Transition support is needed to successfully transition students from adult education and noncredit to postsecondary education, employment, and short-term occupational goals. And so during the data collection phase, interviewees were asked about their role. Their role, their institutions play in supporting transition through curriculum and instruction, student support services, community connections and referrals, and organizational structure and funding.

Interviewees were asked to describe the partnerships, staff roles, data management tools, and funding sources that support the work in this particular area. And interview responses were analyzed to identify widely used effective practices as well as innovations that stood out for their creativity, resourcefulness, and/or impact.

And so here are the overarching themes. Again, you can find all of this information in the research brief. And those overarching themes were integration of basic skills, career education, and supportive services, partnerships and co-location, and personalized research-- relationship-based services.

And so again, thinking about the analysis of this particular research brief, transition supports are incorporated into the following categories-- curriculum and instruction, student support services, partnerships and leverage resources, and organizational structure and funding. The research analysis documented specific examples of how consortia are providing transition supports within each of these particular categories. And so I'm going to read some of the examples from the report by category.

And so it includes the following. Under curriculum instruction, when we're thinking about short-term CTE and IET, one consortium has developed a career skills institute offering short-term training, leading to credentials and employment opportunities in business, information technology, and digital media. Often, these short-term programs incorporate job readiness skills, training on topics such as resume writing, interviewing, and a range of soft skills that are often cited as lacking by employers.

And so in the category for student support services, adult education/community college transition support classes, consortia describe various types of counseling classes on topics such as career exploration, college success, academic readiness, or navigating the path to community college. Students in these classes access valuable information as well as individualized support with their own college readiness, college application, and future career pathway planning. One consortia requires a career exploration class of all its CTE students who benefits from both the classroom activities as well as job shadowing.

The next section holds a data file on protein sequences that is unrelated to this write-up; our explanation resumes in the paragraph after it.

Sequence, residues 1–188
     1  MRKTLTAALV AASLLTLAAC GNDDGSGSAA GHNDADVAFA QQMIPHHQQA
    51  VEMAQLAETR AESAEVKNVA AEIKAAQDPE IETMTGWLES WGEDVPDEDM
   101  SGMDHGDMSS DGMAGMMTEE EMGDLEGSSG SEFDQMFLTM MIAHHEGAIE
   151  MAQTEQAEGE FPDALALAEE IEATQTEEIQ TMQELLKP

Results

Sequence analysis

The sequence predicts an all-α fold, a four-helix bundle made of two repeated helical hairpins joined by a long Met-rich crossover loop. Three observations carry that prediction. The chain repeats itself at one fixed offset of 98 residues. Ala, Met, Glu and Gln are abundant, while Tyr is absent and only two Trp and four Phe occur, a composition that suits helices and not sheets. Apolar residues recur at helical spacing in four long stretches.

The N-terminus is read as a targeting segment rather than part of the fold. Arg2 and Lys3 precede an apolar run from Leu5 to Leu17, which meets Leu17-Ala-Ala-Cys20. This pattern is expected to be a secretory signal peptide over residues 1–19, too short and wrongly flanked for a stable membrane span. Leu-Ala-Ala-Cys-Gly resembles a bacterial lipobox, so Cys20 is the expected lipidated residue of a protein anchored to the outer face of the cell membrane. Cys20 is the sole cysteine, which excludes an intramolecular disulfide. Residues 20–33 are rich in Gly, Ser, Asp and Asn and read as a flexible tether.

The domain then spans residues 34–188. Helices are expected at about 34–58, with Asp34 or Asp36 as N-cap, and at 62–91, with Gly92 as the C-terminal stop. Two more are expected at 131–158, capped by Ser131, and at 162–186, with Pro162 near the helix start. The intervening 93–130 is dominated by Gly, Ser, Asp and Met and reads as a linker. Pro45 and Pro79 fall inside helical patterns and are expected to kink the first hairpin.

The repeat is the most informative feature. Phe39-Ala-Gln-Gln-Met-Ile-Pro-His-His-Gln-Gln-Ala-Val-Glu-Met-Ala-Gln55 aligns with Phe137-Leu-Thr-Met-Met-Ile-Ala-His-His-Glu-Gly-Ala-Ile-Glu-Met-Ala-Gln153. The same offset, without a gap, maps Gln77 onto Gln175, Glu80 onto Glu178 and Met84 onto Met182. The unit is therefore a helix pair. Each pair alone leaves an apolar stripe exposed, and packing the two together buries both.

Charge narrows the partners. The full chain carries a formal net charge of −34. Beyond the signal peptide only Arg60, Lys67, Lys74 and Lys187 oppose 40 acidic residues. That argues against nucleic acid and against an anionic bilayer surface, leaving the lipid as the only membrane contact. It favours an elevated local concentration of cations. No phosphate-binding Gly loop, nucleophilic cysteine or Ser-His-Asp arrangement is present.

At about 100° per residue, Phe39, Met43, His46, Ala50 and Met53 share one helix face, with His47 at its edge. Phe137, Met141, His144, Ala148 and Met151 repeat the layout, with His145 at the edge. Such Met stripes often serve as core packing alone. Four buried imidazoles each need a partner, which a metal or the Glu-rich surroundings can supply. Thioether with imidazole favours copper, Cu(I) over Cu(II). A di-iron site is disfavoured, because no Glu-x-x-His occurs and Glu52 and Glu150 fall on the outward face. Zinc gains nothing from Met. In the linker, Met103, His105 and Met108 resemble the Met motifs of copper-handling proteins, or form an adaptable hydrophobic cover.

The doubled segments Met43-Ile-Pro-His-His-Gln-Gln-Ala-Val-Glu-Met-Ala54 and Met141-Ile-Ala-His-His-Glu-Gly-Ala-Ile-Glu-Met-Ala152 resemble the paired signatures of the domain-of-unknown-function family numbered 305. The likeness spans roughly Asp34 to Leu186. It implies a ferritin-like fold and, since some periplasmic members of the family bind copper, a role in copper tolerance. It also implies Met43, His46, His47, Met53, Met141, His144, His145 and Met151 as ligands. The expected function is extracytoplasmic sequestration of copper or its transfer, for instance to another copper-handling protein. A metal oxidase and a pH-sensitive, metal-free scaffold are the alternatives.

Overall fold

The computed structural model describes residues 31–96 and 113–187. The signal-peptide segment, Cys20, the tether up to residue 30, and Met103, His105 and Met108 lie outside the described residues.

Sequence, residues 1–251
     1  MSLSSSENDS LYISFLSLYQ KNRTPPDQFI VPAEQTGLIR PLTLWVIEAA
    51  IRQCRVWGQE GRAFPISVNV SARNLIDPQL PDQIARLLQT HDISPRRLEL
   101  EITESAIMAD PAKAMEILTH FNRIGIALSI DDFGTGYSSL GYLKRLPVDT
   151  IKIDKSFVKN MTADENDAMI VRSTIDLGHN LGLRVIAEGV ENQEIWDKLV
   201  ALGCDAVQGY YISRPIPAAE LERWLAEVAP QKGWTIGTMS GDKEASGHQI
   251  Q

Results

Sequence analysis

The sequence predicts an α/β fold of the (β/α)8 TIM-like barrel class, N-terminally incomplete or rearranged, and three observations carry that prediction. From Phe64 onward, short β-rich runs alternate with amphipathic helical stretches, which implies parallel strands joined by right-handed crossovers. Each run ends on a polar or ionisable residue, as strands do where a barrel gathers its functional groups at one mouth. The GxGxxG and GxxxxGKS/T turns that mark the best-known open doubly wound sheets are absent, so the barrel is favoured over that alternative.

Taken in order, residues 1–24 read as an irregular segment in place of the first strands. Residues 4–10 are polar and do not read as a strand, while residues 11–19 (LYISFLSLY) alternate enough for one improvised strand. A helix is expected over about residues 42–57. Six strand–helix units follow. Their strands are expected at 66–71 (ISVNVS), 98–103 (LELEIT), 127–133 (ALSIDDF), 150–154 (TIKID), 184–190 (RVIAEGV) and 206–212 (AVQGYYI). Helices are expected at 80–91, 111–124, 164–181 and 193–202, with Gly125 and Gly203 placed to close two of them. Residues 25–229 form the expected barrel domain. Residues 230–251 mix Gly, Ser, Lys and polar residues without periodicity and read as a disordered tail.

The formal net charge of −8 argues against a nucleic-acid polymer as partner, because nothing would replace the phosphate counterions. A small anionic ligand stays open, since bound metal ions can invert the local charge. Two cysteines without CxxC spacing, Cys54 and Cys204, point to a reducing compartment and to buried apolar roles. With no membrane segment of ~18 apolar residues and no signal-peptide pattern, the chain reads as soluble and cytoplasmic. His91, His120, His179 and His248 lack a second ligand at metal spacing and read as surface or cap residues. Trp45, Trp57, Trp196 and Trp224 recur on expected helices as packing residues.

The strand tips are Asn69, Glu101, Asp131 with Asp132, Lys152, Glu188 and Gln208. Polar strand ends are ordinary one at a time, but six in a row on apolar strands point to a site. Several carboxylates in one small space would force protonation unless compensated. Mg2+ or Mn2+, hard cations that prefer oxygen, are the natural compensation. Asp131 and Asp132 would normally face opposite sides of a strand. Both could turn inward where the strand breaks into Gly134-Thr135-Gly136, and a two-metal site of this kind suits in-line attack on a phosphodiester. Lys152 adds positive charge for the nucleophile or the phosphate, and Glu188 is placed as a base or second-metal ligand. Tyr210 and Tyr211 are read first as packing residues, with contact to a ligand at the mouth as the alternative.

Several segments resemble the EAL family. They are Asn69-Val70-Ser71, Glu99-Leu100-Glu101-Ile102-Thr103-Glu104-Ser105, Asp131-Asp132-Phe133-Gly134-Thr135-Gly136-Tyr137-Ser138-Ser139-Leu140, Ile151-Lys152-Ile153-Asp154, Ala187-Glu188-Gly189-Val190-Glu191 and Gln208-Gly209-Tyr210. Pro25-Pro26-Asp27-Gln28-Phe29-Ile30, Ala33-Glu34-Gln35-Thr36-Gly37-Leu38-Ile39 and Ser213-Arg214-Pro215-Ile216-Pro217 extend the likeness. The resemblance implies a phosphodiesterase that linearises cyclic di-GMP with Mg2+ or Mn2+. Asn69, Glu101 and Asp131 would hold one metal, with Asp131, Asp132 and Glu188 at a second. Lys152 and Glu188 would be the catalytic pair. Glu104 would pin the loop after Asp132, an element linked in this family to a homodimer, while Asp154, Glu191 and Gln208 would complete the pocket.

In partnerships, one of the major themes that came out of partnerships in the research was public workforce development systems. So many consortia reported innovative and substantial partnerships with their local workforce development boards that provide adult school students with job search information, training opportunities, and assistance in job placements. Many consortia reported innovative and substantial partnerships with their local workforce development board that provides adult schools with job search information, training opportunities, and assistance with job placements.

And for the organizational structure and funding, meaning consortia describe the importance of accessing funding beyond CAEP and WIOA Title II funding to expand their programming. So some examples included leveraging federal WIOA Title I, funds with local workforce development boards, state and county grants and services, public library resources, community college FTEs, and strong workforce funds, union and employer support, pre-apprenticeship and apprenticeship, and employer-based internships and on-the-job training.

So we hope that just this short synopsis of what's included in that research brief really entice you all to access it or even refamiliarize yourself with it if you have read it before. So onto our panelists, again, this is the heart of what we do-- sharing our practices and learning from one another. And so, of course, we wanted to make sure we do our due diligence and provide you with real-life examples of what's going on locally in the field.

And so we have invited our friends from the Mid-Alameda Consortium as well as the State Center Consortium. And so we'll hear from them. And they will talk about their transition support program. And they are representing the curriculum category that was in the research brief as well as the partnership category.

And so I will turn it over to Sherri Watkins, executive director with the State Center Adult education Consortium. Sherri? You are on mute.

Sherri Watkins: Sorry, I was muted. I got that. I think we need shirts that say that you're muted, right? I think we would all get rich off of that. At any rate, I will share my screen.

As Veronica mentioned, I'm from State Center, which covers Madera and Fresno counties. And then we have one of our members who is in Tulare County, but they feed into one of our colleges. So that's where who we are.

So this is our team. I always point out Pang Vangyi is our regional transitions coordinator. She was gosh, a K-12 counselor and adult ed counselor. And so she is the glue that keeps all of us together. And we have three transition specialists. And we have our amazing Allyson Adams-- always have to bring her attention to her because I could not do this job without her.